An advisory against swimming was posted today at an ocean-side site in Dare County, where state officials found bacteria levels in the water that exceed the state’s and Environmental Protection Agency’s recreational water quality standards.
The advisory is for the south beach access at Ramp Road in Nags Head. Test results of water samples taken on April 5 and April 6 indicate bacteria levels that exceed the state and federal action levels of 104 enterococci per 100 milliliters for Tier 1 daily use sites. Swimming areas are classified based on recreational use and are referred to as tiers.
The N.C. Recreational Water Quality Program tests water quality at ocean and sound beaches in accordance with federal and state laws. Enterococci, the bacteria group used for testing, is found in the intestines of warm-blooded animals. While it does not cause illness, scientific studies show that enterococci may indicate the presence of other disease-causing organisms. People swimming or playing in waters with bacteria levels higher than the action level have an increased risk of developing gastrointestinal illness or skin infections.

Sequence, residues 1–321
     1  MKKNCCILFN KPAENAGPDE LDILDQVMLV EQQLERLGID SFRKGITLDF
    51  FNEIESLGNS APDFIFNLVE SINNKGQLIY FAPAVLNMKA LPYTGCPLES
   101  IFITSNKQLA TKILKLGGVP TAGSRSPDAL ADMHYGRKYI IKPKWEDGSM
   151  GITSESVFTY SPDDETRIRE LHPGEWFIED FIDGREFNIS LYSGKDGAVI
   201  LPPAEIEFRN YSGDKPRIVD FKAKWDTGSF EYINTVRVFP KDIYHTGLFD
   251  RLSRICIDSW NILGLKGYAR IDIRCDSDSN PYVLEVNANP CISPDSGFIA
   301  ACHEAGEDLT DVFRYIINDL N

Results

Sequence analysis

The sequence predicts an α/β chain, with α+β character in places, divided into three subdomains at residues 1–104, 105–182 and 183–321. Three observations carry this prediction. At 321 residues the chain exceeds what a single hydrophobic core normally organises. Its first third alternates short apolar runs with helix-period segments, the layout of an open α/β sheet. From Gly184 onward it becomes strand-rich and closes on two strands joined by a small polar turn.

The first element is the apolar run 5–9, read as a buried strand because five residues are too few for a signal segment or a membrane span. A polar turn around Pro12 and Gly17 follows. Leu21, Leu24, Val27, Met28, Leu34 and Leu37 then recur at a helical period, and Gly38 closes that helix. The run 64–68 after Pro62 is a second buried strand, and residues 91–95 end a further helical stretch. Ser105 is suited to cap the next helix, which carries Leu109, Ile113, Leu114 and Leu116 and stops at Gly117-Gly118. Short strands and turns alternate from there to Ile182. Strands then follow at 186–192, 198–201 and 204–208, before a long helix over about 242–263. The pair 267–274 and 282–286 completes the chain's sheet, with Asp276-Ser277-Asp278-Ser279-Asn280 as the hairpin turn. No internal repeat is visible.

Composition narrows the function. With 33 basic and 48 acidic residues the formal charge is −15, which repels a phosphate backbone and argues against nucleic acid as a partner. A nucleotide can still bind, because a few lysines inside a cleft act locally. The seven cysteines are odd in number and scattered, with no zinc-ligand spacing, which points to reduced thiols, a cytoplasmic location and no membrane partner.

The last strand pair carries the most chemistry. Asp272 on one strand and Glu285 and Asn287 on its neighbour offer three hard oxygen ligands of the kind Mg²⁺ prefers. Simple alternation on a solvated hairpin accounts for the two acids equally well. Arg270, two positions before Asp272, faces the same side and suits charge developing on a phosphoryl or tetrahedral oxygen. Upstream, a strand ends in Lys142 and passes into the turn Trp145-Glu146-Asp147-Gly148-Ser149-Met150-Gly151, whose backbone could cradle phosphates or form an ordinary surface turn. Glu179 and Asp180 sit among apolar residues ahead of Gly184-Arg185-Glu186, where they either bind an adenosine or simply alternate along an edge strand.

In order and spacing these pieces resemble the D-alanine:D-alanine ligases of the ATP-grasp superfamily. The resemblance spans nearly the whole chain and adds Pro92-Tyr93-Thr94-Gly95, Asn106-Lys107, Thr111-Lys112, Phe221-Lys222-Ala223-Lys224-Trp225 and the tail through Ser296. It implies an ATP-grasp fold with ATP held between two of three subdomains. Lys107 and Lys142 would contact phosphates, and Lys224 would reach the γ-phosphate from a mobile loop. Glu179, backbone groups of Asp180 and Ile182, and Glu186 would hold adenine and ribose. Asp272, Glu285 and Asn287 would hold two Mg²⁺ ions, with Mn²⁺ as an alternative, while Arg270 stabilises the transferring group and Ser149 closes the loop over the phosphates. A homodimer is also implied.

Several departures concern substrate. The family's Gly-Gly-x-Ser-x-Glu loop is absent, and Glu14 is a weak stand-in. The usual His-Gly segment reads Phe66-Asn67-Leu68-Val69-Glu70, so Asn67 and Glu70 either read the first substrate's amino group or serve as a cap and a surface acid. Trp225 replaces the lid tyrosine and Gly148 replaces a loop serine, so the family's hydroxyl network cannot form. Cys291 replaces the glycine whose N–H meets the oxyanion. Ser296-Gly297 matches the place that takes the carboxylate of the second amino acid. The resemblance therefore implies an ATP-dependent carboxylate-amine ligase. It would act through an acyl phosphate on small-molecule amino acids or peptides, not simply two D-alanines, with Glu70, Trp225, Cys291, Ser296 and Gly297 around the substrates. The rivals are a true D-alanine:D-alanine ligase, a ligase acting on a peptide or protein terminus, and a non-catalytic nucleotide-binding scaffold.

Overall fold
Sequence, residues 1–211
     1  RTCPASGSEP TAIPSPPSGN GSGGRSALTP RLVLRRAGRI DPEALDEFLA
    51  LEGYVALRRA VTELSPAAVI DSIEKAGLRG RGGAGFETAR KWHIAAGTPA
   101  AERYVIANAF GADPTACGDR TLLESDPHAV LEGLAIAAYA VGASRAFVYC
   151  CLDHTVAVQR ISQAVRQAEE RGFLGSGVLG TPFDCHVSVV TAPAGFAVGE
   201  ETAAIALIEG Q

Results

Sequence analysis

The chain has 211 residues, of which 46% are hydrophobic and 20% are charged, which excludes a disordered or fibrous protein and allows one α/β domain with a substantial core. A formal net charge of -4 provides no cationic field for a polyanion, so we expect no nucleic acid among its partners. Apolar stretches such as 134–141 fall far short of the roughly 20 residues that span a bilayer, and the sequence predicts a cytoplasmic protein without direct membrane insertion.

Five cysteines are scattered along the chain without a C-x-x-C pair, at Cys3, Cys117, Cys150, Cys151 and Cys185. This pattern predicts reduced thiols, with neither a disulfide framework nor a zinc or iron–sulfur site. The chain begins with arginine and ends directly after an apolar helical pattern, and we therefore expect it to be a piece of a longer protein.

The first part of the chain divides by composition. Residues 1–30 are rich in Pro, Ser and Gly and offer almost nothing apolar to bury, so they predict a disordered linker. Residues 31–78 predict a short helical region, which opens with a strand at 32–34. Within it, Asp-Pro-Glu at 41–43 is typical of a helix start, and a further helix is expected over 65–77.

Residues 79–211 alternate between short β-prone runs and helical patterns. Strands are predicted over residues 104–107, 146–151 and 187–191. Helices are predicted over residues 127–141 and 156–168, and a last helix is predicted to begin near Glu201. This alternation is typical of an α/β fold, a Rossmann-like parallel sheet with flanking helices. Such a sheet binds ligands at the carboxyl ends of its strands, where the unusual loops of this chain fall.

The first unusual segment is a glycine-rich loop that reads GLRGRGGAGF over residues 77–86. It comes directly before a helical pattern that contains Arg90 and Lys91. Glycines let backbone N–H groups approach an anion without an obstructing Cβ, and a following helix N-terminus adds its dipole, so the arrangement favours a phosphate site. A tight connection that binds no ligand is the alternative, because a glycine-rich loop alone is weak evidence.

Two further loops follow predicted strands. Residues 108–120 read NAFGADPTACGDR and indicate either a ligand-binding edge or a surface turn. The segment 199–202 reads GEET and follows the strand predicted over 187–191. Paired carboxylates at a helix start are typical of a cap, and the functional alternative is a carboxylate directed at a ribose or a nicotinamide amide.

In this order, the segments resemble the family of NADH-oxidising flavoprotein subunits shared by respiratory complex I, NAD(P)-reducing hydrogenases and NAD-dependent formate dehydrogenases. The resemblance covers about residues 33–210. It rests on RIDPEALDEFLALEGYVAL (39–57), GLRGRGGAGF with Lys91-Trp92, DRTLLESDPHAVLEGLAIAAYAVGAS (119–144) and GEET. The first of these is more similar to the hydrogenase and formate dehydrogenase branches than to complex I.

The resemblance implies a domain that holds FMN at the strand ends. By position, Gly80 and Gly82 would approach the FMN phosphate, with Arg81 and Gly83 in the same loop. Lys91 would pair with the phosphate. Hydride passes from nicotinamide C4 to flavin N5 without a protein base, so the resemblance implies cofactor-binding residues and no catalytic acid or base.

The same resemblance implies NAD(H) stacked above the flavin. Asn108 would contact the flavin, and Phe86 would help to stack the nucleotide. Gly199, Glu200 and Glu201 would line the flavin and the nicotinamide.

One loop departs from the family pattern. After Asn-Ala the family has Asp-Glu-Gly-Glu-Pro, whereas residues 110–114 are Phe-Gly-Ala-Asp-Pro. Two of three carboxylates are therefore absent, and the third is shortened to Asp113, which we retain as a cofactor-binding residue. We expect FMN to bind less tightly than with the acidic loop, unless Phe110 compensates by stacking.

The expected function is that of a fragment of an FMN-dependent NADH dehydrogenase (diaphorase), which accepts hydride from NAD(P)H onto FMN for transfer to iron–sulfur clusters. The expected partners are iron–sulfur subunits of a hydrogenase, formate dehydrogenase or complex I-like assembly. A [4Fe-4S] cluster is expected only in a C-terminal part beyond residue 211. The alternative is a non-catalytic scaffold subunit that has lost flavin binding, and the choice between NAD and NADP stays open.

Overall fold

This advisory is not a beach closing, nor does the advisory affect the entire Nags Head area. Swimming advisories are for waters within 200 feet of the sign. The sign posted reads as follows:
SWIMMING IN THIS AREA IS NOT RECOMMENDED. BACTERIA TESTING INDICATES
LEVELS OF CONTAMINATION THAT MAY BE HAZARDOUS TO YOUR
HEALTH. THIS ADVISORY AFFECTS WATERS WITHIN 200’ OF THIS SIGN.
OFFICE OF THE STATE HEALTH DIRECTOR
State officials will continue testing the site, and they will remove the sign and notify the public again when the bacteria levels decrease to levels below the standards.
State recreational water quality officials sample 215 sites throughout the coastal region, most of them on a weekly basis, from April to October. Testing continues on a reduced schedule during the rest of the year, when the waters are colder.
For more information on the N.C. Recreational Water Quality Program or to a view a map of testing sites, visit the program’s website, and follow the program’s Twitter feed.